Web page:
The European Union (E.U.) last year continued to import millions of dollars worth of duty-free sugar from Cambodian plantations that have forced hundreds of families off their land despite calls from European lawmakers for the trade benefits to end, according to the latest E.U. data.
Thailand’s Khon Kaen Sugar, which holds a majority share in two plantations in Koh Kong province, signed a five-year deal with U.K. firm Tate & Lyle for all its Cambodian and Lao sugar in 2009.
Through Tate & Lyle, the Thai firm has been exporting the sugar to the U.K. duty free since 2010 thanks to the E.U.’s Everything But Arms (EBA) trade scheme for developing countries.
According to new E.U. trade data released Tuesday, 15.5 million kg of the Cambodian sugar—worth nearly 10 million euro, or about $13 million—made it to the E.U. in 2012.
Details on the sugar’s final destination within the E.U. were not immediately available. But the 10 million kg of Cambodian sugar imported by the E.U. in 2010, and the 22.5 million kg imported in 2011, all went to the U.K. as part of Khon Kaen’s deal with Tate & Lyle.
Though imports have decreased since 2011, pressure is still mounting from the affected families, rights groups and the European Parliament for the E.U. to drop the duty-free access to sugar.
Hundreds of families say the two plantations, totaling 20,000 hectares spread across Sre Ambel and Botum Sakor districts, started forcing them off their farms or out of their homes in 2007.
The Community Legal Education Center (CLEC), a legal aid NGO helping the families, puts the total number of affected villagers at nearly 2,900.
About 220 of the families sued the owners in 2007 to get their land back, or at least win fair compensation, but the case has since stalled.
With the help of CLEC and a few other NGOs, the families launched an online campaign urging shoppers to boycott the so-called “blood sugar” in July and called for an end to the EBA trade benefits.
On the back of their complaints, the European Parliament passed a resolution in October asking E.U. Trade Commissioner Karel de Gucht to launch an investigation into all such government-issued land concessions in Cambodia and likewise end the trade benefits if it corroborated the claims of abuse.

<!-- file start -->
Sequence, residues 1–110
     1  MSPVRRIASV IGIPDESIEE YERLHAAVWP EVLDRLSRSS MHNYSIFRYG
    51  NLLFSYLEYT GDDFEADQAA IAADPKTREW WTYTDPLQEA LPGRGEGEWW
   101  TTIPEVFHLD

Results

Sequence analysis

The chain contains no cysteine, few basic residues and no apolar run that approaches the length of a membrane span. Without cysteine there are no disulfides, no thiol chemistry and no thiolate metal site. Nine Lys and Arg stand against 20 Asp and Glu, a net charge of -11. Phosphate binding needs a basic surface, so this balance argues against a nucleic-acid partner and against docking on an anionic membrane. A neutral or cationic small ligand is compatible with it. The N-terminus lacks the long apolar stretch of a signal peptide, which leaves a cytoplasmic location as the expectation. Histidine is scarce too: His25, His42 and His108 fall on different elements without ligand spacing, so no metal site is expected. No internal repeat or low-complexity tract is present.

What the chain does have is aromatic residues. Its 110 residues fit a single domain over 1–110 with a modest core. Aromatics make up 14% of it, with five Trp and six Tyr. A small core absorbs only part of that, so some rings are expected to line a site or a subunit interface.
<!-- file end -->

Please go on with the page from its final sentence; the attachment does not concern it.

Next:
Thirteen of the lawmakers repeated the call last month after no investigation had been carried out.
A spokesperson for Mr. de Gucht said Tuesday that his office was still considering the request.
In 2012, Thailand’s National Human Rights Commission launched its own investigation into Khon Kaen, the Koh Kong sugar plantations’ Thai owners, and backed up the families.
In a preliminary report, the commission said that it found the company responsible for “breaches to the right to life and self-determination.”
A final report from the commission is still pending.
Though a few of the families have dropped out of the court case in recent months in exchange for $2,000 to $3,000 payouts from Senator and business tycoon Ly Yong Phat, who used to own a minority stake in the two plantations, most have held firm.
“We demand that the company give back our land and give us compensation,” said An Haya, who lost his rice paddy to the plantations. “The company has to pay the villagers because the company destroyed our crops. It should also pay for the time we have not been able to use our land.”
Thanakorn Borintarachat, the general manager of one of the two plantations, Koh Kong Sugar, declined to comment.
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